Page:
“Lygia Pape: Tecelares” at the Art Institute of Chicago is an endlessly surprising exhibition, lyrical, frisky, and stealthily profound—which is a lot to pack into a bunch of mostly black-and-white polygons and circles. An important figure in Brazilian postwar art, Pape, like her fellow travelers Lygia Clark and Hélio Oiticica, began her career dedicated to the philosophical principles and abstract geometries of Concrete Art, a movement that offered progressive artists in Latin America an attractive alternative to figuration, so often the willing handmaiden of state propaganda.* By the late 1950s, however, Pape and many of her peers started to feel they had reached a mechanistic dead end. The Neo-Concrete movement that emerged still used geometric forms, but did so in pursuit of a more sociable and corporeal experience. Its manifesto, written by the poet Ferreira Gullar and signed by Pape, argued for art “as a ‘quasicorpus’ (quasi-body), that is to say, something which amounts to more than the sum of its constituent elements; something which analysis may break down into various elements but which can only be understood phenomenologically.”
Eventually Pape, Clark, and Oiticica would all turn to more immaterial forms of public engagement—teaching, performance, video, and film—and in the last ten years all three have been the subjects of major New York retrospectives: Clark at the Museum of Modern Art, Oiticica at the Whitney, and Pape at the Met Breuer in a show that stretched from abstract painted reliefs to group performance. In the 1950s, however, Pape was known in the Brazilian press as a gravadora—the printmaker. For a decade, almost all the work she showed consisted of Japanese paper imprinted with inked wooden blocks. Rarely pausing long enough to produce anything as conventional as an edition, she invented composition after composition: interlocking polygons, triangles that spawned smaller triangles, circles disrupted by wood grain or perforated with regular holes. They can appear folkloric or space-age; recall a homespun textile or an array of machine parts. A photo at the entrance to the Chicago exhibition shows Pape seated on the floor with assorted prints and paper scraps, like a child at serious play.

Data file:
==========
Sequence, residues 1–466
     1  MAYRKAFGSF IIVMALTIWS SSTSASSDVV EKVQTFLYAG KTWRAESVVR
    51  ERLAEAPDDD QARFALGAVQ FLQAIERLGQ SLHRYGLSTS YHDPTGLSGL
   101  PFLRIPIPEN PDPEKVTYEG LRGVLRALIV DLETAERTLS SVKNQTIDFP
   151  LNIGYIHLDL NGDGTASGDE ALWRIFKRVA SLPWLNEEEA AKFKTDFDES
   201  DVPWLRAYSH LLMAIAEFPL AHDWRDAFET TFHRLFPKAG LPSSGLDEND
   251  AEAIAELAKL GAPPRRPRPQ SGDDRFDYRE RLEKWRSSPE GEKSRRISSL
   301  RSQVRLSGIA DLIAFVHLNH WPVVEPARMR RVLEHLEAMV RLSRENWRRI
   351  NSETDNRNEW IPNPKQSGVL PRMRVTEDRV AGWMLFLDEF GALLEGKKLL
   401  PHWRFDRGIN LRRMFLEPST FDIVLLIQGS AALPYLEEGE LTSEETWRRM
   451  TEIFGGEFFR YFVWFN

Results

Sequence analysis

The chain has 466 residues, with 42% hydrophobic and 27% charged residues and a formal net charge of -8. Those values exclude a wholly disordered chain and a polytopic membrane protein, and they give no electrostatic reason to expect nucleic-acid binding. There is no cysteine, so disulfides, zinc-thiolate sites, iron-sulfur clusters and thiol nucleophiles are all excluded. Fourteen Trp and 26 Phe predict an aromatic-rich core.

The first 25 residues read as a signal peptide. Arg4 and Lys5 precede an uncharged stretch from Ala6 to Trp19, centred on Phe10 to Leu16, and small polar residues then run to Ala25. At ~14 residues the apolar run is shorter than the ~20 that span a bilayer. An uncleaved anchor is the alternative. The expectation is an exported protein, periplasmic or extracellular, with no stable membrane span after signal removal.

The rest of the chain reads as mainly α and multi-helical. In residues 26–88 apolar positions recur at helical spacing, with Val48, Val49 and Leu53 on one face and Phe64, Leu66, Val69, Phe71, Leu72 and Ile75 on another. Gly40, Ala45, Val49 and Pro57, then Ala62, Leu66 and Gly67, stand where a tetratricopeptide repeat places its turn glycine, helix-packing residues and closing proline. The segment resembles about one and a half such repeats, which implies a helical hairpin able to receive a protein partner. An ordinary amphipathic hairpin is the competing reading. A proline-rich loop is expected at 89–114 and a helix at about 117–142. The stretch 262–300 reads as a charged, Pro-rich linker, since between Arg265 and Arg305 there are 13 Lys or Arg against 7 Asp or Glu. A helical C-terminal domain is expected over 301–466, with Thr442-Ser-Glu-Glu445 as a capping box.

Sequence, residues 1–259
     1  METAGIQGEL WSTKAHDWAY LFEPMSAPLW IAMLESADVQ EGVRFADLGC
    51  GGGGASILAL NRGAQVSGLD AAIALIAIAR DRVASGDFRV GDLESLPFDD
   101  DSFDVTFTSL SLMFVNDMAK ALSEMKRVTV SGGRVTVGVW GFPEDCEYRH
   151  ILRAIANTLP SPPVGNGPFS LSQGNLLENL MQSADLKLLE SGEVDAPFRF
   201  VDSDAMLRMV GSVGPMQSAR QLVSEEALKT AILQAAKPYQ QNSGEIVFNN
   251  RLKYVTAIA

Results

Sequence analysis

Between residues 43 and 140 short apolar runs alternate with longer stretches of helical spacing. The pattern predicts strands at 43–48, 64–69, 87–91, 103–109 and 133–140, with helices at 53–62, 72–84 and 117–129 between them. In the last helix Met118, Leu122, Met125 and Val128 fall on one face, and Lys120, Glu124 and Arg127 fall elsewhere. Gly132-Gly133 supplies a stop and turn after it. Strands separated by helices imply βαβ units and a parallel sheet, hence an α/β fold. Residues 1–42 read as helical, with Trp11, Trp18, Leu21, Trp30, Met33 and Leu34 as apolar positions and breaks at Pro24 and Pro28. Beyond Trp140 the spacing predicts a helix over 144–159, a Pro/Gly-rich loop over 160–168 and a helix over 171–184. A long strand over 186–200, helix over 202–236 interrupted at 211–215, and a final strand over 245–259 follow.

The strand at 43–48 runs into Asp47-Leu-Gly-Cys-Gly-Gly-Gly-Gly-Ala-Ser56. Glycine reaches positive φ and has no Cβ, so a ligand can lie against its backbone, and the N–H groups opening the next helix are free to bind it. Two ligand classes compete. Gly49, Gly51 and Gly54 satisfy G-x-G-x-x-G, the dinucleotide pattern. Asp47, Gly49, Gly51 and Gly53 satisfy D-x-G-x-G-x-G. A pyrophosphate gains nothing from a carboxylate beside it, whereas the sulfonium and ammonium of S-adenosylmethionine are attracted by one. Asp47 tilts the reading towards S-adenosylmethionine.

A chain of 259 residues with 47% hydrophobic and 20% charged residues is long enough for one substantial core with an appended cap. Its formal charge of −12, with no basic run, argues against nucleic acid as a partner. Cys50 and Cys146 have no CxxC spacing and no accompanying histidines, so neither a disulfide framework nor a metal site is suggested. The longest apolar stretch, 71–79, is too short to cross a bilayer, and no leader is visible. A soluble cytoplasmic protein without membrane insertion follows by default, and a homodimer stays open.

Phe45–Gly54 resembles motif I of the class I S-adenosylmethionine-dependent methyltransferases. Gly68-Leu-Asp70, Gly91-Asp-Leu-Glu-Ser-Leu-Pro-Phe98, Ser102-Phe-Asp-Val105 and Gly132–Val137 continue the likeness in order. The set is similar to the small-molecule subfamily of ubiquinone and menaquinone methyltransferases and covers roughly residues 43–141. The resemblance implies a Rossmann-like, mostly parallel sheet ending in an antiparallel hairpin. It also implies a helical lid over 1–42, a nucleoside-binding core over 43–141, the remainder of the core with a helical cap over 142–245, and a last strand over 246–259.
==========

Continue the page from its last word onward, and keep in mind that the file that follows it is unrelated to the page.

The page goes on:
And then she stopped. Pape would later dub most of those printed works Tecelares—a made-up, not-quite cognate for “weavings” in Portuguese. Working with the artist’s estate (Pape died in 2004), the Art Institute curator Mark Pascale has brought together more than one hundred Tecelares and adjacent works created between 1952 and 1960, some of which had not been publicly exhibited since. The catalog constitutes the first substantive study of Pape’s prints, with enlightening essays by Pascale, the art historian Adele Nelson, and the conservator María Cristina Rivera Ramos.
The works on view contain tipsy stacks of rectangles and circles; translucent quadrilaterals that overlap like jagged clouds; inked rectangles that seem to dissolve as though seen through fog or a corroded window screen. Implicit motion is everywhere—shapes topple, bounce, stumble about, nudge each other aside, disperse in some mutually understood dance. Bypassing anything as mechanical as a press, Pape transferred ink by rubbing the back of the paper or pressing blocks on the front in the manner of a rubber stamp. Everything looks homemade, and wall labels point out the faint pencil lines marking where blocks should be stamped. (I recently complained about overly interpretive wall labels, but this show is a model of what good labels do: alert you to things you might miss and then let you get on with it.) To the European notion of “pure” abstraction, Pape added an awareness of indigenous technologies and those commonly regarded as “women’s work.” In her titular allusion to weaving, she made a claim for a kind of unity between her own “high art” activities and a technology commonly associated with women and preindustrial cultures—undervalued objects made by undervalued people.